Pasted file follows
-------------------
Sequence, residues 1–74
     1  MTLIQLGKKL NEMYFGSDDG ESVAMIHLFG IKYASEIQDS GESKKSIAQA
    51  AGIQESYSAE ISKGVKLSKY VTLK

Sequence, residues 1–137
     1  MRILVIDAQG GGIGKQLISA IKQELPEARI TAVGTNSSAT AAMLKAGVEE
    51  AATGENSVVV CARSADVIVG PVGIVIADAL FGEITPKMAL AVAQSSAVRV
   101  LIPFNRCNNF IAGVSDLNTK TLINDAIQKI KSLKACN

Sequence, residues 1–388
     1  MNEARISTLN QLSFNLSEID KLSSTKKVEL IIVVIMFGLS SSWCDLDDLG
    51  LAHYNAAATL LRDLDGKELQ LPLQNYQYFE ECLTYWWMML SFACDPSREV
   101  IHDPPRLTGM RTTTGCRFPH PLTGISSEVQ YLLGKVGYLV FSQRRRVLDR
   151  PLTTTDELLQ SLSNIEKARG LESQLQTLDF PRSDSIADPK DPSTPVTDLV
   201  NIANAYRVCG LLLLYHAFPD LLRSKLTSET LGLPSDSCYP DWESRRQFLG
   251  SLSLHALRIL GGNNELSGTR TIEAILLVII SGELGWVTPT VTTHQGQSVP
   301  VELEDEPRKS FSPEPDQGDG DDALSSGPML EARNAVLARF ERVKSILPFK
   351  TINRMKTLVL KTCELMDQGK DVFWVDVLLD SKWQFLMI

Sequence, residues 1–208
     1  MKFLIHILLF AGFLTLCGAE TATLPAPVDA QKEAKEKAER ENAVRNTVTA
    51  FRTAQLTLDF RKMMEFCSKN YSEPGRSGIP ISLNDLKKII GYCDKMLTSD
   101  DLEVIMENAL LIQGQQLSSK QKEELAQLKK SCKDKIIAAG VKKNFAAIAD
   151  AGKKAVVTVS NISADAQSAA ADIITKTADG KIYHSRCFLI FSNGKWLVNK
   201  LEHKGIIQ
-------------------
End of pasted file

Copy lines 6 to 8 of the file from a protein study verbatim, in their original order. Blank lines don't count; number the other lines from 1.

    51  AATGENSVVV CARSADVIVG PVGIVIADAL FGEITPKMAL AVAQSSAVRV
   101  LIPFNRCNNF IAGVSDLNTK TLINDAIQKI KSLKACN

Sequence, residues 1–388